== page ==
Media, poetry, articles, art, videos and random nuggets that tickle me. Please enjoy!
From The Poisonwood Bible, by Barbara Kingsolver
"Imagine a ruin so strange it must never have happened. First, picture the forest. I want you to be its conscience, the eyes in the trees. The trees are columns of slick, brindled bark like muscular animals overgrown beyond all reason. Every space is filled with life: delicate, poisonous frogs war-painted like skeletons, clutched in copulation, secreting their precious eggs onto dripping leaves. Vines strangling their own kin in the everlasting wrestle for sunlight. The breathing of monkeys. A glide of snake belly on branch. A single-file army of ants biting a mammoth tree into uniform grains and hauling it down to the dark for their ravenous queen. And, in reply, a choir of seedlings arching their necks out of rotted tree stumps, sucking life out of death. This forest eats itself and lives forever."
Also, it's like 35 minutes long. Settle in.
once i walked through a damp old forest,
the base of me made buoyant by thousands of years of pine needles,
busy turning into each other,
much slower than my life.
so we are propped by what we cannot see…
where matter bows to time,
risk isn’t that risky.
there’s inertia on the trail of earth—
it leads out of pixelated worlds into wide open spaces.
everything is there,
the permission to care.
"Shinrin-yoku is a Japanese word which refers to taking a short trip or visit to a forest. Literally, it means 'forest bathing.'"
Once upon a time, there was a man whose therapist thought it would be a good idea for the man to work through some stuff by telling a story about that stuff.
The man lived in a one-bedroom efficiency cottage all by himself, in a sort of dicey part of town. One day, the man woke up and realized that this was pretty much it for him. It wasn’t terrible. But it wasn’t great, either. And not likely to improve. The man was smart enough to realize this, yet not quite smart enough to do anything about it. He lived out the rest of his days and eventually died. The end. Happy now?
The man could see that his therapist was not amused.
A rather unsatisfactory ending, the therapist opined, and suggested that the man could do better. The man thought, Is she really serious about this? But he didn’t say anything out loud. The man was not convinced that he needed to be talking to the therapist at all, but he had tried so many other things (potions, spells, witches), and spent so much of his copper and silver, with absolutely nothing to show for it, that he figured why the hell not.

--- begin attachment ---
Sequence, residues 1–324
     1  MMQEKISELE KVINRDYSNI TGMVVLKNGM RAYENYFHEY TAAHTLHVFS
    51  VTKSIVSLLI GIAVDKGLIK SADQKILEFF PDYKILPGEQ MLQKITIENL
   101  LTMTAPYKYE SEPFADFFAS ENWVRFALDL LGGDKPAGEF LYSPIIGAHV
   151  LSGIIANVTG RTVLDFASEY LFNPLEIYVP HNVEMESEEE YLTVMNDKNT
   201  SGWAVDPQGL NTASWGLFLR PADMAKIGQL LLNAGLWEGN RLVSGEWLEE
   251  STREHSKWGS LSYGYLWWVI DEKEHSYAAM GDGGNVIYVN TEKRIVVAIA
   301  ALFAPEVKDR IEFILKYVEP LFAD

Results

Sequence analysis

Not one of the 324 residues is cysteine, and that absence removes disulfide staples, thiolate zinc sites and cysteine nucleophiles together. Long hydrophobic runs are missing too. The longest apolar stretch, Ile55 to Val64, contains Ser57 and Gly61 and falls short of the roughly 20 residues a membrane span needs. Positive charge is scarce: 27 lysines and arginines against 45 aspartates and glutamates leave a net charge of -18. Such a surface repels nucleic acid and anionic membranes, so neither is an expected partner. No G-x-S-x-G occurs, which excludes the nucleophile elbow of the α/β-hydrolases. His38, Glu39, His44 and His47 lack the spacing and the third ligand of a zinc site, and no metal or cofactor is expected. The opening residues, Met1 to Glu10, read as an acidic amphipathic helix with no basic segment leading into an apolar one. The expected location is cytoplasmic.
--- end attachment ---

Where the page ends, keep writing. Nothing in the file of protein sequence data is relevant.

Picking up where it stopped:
So how do I do this? he asked.
Why don’t you start again? the therapist replied. And, instead of rushing to the end, try to focus on the details.
O.K., the man said... continue
We were driving through the solstice sunset of Iceland’s southern coast, a sunset that’s never satiated with a night-dark ending because it, some pastel-drenched hours later, simply turns into a sunrise; refusing to betray the majesty of the landscape by hiding it from the light. But just for these summery weeks does the sun march across the horizon like a tireless, poised soldier. In other weeks, on the opposite side of the calendar, the night creeps along without apology, only relenting from the blackness for a few hours of dusky twilight in the early afternoon.
It’s as if the year in Iceland is one long, slow day… the light and the dark, separated by seasons instead of hours. The thought crossed my mind more than once while frolicking through its formidable landscapes: what an injustice it is to be here for only one week, one blink of an eye in the long day of its year. Those that spend the full calendar here earn the white night by braving the darkness of winter. We earned it perhaps through a different kind of long night, in fact many of them, the ones of triumphant excess we had strung together the previous weeks in a couple of the old-world’s legendary metropolises to the southeast.
We started in Barcelona, the loud, rebellious Mediterranean city where gothic grey meets contemporary color. We used the music festival on its shores that week as an excuse to gather nine of us from across the world in a luxurious flat that had enough beds to sleep everyone, even though we didn’t really end up using them, at least for sleep. Instead, we ate and drank and danced without measuredness. We talked boisterously about politics and art, about the world’s problems, about our ideas for the future, about our hopes for each other—all with such passion that we eventually had to get a spatula from the kitchen to serve as a talking stick… shhhhh, you can only talk while holding the spatula! That worked for about five minutes. Then, we laid on a big bed together and gave each other the kind of feedback that comes best just around dawn. We uncovered things that needed to be uncovered and we buried things that needed to be buried. Not wholly because of, nor in spite of a certain amount of chemical assistance.